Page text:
Juneteenth marks the day on which slaves in Texas first learned that slavery had been abolished. Although the Emancipation Proclamation had been signed and in effect since Jan. 1, 1863, the news didn't reach the Lone Star State until June 19, 1865, but was still cause for a grand celebration.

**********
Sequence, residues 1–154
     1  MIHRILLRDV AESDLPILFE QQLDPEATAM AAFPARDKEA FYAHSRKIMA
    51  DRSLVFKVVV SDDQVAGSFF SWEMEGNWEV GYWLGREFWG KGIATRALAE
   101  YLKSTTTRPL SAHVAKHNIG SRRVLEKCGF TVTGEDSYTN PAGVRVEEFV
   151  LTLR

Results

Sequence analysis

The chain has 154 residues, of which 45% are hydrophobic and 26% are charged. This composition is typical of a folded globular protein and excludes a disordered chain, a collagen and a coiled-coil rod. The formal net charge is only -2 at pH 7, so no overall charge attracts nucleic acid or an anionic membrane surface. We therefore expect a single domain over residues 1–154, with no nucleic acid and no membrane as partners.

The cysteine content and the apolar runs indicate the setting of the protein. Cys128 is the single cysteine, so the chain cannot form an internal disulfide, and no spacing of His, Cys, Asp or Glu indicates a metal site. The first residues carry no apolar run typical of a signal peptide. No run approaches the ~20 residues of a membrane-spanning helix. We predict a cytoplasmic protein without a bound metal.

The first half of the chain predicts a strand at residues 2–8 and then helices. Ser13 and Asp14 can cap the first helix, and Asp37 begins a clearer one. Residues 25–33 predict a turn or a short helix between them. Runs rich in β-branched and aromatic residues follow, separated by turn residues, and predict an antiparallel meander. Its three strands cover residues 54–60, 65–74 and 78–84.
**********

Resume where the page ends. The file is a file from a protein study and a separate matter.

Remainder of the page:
Since then, generations of African-Americans in states around the nation have marked Juneteenth, or African-American Independence Day, with festivities both large and small that can last a day or a week. It is "a time of celebration, but also a time of reflection, healing, and hopefully a time for the country to come together and deal with its slave legacy," Rev. Ronald V. Meyers, chairman of the National Juneteenth Observance Foundation, told Time magazine.
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